There have been several occasions when I have been designing sound effects and have applied Intensity to them, whereupon it brought out exactly what I was trying for. There were times when I thought I had made a perfectly satisfactory sound effect, only to try Intensity out on it to find that the initial sound still had a way to go and that Intensity had taken it the rest of the way.

I made the following musical accent by processing a ukulele with another of Zynaptiq’s plugins, Adaptiverb, and Shimmer by Valhalla and was rather pleased with it…until I applied Intensity. Not only does it bring out the sound’s sparkle and the angelic feel I was going for, it also seems to re-balance the mids in a more pleasing way. I certainly wouldn’t go back to the original. This is definitely a case where Intensity made a sound sound more as I intended.

 

6. Smoothing Sounds out

After I bought Intensity, I spent a while getting to grips with how it worked, trying to get a rough idea how it would respond in certain circumstances. It took me a while to get a feel for the plugin, but the experimentation was well worth it. Without it, I certainly wouldn’t have discovered the following application.

I made some recordings of an electric screw-driver, which sounded rather gritty, rather coarse. I found that applying Intensity smoothed out the sound.

I was messing around with the sound looking to make servo sounds for a robot. The best way I can describe what happened is that applying Intensity made the robot sound newer, in better working order by sanding its joints so to speak. What was particularly interesting to me was that Intensity achieved the same effect regardless of the pitch of the sound.

This example shows a very similar effect on a recording of a hedge trimmer. Note how the grinding sounds as it encounters twigs and things are less pronounced.

 

Using this effect, automation and parallel processing, it would be possible to make a robot’s function gradually deteriorate for example. Start with the version of a motor to which Intensity has been applied, then cross-fade in the gain-matched dry version so that it sounds as though the robot is becoming more ‘rackety’, as if its bearings are going. Mixed with electric sparks or whatever else you might like to flesh out the piece with, this would make for a very compelling piece of sound design.

7. Making pass-bys More Impressive

Most plugins’ potential is greatly increased when you factor in automation and Intensity is no exception. We’ve seen how Intensity can greatly increase the clarity and loudness of the audio it is fed, how much difference it can make. But making everything as loud as possible all the time kills contrast. Loudness is more impactful when juxtaposed with quietness. By automating the Intensity parameter so that the top and tail of a pass-by are unaffected, so that Intensity only acts on the mid-point, the passing object sounds as though it is moving faster. It sounds more powerful as this example using one of our roller coaster sounds demonstrates:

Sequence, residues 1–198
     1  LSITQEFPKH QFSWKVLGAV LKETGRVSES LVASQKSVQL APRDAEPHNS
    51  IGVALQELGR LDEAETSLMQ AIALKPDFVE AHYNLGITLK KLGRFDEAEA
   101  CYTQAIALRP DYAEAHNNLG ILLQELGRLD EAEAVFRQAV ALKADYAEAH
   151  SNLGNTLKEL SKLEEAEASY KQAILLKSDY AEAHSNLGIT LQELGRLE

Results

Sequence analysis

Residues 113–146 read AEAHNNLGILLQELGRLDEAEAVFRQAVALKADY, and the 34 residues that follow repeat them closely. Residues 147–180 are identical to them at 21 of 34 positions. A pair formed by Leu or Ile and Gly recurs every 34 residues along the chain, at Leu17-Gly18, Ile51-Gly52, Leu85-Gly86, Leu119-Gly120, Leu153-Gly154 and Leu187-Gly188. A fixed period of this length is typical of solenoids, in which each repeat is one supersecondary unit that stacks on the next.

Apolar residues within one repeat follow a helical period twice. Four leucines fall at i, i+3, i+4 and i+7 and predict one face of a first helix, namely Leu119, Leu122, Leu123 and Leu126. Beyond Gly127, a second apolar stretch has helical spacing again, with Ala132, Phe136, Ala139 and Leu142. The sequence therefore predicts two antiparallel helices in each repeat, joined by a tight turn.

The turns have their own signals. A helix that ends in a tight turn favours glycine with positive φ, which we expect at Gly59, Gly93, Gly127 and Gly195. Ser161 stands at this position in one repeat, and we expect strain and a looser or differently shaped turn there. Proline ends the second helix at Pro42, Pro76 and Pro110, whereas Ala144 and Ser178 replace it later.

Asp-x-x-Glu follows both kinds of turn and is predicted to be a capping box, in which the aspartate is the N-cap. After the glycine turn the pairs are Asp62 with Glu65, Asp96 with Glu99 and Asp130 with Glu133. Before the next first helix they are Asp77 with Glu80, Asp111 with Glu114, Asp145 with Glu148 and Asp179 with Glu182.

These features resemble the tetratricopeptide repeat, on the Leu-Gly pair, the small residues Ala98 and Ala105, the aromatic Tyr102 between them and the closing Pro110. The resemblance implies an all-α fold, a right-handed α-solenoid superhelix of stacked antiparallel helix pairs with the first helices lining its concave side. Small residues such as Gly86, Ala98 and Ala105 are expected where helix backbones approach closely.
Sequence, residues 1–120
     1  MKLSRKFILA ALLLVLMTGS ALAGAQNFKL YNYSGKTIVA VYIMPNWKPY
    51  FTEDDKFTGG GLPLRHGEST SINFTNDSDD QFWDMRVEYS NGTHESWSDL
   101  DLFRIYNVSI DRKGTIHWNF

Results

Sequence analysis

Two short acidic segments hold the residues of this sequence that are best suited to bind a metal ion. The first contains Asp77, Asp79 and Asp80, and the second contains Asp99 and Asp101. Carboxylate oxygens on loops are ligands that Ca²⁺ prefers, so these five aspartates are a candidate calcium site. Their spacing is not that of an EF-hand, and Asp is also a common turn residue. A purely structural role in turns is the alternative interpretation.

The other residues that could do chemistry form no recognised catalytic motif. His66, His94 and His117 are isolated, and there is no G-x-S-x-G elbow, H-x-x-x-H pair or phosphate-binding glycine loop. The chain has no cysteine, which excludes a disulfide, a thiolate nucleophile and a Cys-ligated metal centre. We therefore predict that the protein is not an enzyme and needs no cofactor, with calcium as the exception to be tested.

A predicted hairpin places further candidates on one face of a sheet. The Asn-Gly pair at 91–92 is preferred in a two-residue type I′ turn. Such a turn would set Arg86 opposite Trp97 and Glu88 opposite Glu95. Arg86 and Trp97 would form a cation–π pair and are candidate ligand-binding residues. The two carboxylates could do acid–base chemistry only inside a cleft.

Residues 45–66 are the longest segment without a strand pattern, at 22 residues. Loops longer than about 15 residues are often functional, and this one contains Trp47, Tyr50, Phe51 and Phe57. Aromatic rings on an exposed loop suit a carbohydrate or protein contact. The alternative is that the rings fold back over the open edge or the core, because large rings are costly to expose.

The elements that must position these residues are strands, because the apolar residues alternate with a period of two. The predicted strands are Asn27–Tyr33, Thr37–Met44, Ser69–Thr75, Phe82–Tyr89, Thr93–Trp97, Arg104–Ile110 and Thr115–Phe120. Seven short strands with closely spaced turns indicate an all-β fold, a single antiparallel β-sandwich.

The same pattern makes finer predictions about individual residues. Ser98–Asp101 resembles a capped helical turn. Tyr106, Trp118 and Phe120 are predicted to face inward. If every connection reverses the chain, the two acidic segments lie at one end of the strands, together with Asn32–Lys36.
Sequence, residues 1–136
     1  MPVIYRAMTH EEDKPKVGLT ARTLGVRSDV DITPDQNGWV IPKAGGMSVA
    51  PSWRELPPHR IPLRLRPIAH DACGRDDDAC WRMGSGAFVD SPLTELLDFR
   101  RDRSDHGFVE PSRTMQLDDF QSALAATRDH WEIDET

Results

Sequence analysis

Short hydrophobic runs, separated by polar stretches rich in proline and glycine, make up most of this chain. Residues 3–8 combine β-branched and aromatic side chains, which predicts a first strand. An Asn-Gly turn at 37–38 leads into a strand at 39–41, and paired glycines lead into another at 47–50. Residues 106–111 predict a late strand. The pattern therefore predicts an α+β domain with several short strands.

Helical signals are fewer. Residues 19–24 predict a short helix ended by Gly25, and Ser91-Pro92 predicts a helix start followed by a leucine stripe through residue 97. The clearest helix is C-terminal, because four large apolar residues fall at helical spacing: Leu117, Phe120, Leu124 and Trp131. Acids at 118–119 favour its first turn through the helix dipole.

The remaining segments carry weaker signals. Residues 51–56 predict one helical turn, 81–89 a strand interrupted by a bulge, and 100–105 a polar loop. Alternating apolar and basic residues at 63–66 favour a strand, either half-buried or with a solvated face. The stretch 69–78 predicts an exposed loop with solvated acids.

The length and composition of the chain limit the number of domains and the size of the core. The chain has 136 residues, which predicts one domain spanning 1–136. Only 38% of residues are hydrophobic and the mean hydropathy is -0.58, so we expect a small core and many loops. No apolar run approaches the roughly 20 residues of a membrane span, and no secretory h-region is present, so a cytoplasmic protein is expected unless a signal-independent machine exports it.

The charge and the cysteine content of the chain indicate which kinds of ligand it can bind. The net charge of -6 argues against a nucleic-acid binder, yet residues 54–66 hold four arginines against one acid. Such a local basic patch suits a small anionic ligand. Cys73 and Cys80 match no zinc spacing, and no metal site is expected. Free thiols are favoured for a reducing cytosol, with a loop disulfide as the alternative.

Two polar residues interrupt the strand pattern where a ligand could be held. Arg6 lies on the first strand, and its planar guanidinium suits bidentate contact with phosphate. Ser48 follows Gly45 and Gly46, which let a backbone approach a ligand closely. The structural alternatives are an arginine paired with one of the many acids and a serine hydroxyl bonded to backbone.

8. A change in perspective.

One characteristic Intensity can share with normal compressors is its tendency sometimes to exaggerate reverb. Occasionally, this can make things sound unnatural, which is why I would recommend, as with many plugins, ensuring your source material is as clean as possible before running it through Intensity to make its distinction between a sound’s broad brush-strokes and its detail as accurate as possible, but sometimes, judicious application of the plugin can make it seem as though the sound was recorded from a different perspective.

In this example, I recorded some chattery teeth in my bedroom, which hasn’t been acoustically treated. The wet version of the sound has been approximately gain matched so that the perceived loudness is roughly the same. The greater prominence of the room’s acoustics and the greater body the sound has because of Intensity’s other operations, makes it sound like a louder noise recorded further away. If required, the wet and dry examples of Intensity could perhaps be more closely EQ-matched by use of the bias controls and the wet-dry mix control:

 

Summary

I have found Intensity to be the seasoning that makes many a sound a much tastier treat. It saves a lot of time, achieving great results very quickly. Grab it by going here.

Small Print: Just in the interest of transparency, I wanted you all to know that Zynaptiq has not endorsed or requested this review, nor provided any intensive for me to write it. I purchased Intensity when it was released and think it’s great so wanted to share. Happy intensifying!

Justin Macleod is a sound designer based in the UK who runs SkyClad Sound. You can check out his sound effects here at zapsplat.com and follow him on Twitter @SkycladSound